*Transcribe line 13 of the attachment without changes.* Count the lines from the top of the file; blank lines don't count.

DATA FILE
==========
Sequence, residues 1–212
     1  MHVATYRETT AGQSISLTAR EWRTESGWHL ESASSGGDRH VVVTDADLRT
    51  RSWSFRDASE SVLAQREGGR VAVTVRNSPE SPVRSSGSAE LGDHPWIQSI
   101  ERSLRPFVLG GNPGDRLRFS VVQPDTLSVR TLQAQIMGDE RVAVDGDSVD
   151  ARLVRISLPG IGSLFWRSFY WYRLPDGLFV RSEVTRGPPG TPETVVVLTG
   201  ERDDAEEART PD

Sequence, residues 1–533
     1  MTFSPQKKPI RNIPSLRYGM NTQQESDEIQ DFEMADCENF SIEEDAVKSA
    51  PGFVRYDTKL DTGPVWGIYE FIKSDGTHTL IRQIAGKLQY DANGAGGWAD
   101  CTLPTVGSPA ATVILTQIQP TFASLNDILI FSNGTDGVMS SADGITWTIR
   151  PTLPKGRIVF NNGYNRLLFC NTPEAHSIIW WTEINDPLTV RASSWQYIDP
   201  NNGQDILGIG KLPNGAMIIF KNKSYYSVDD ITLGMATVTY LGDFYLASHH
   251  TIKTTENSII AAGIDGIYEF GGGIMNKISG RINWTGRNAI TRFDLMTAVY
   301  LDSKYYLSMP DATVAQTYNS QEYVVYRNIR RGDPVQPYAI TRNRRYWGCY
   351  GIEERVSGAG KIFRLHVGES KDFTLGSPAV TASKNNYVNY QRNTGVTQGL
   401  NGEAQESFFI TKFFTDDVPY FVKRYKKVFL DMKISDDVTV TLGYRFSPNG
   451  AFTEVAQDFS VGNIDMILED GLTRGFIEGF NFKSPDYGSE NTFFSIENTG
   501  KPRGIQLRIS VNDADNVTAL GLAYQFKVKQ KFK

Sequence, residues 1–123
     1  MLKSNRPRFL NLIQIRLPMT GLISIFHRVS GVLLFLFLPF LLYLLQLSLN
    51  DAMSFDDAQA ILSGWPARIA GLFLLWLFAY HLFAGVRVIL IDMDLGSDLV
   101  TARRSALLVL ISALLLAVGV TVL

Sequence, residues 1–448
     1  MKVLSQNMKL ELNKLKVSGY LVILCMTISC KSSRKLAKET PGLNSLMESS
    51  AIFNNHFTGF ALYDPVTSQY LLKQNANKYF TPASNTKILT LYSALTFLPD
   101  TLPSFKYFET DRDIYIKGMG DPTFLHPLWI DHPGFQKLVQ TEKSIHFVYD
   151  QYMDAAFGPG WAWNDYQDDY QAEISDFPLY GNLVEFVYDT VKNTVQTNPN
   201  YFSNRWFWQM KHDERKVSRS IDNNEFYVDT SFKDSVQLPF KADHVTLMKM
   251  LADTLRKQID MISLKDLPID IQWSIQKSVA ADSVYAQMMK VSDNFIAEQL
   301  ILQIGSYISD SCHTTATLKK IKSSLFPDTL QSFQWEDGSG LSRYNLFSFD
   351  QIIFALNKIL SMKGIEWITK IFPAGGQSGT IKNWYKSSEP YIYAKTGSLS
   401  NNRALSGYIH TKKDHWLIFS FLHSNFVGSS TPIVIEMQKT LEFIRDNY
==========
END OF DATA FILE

   251  TIKTTENSII AAGIDGIYEF GGGIMNKISG RINWTGRNAI TRFDLMTAVY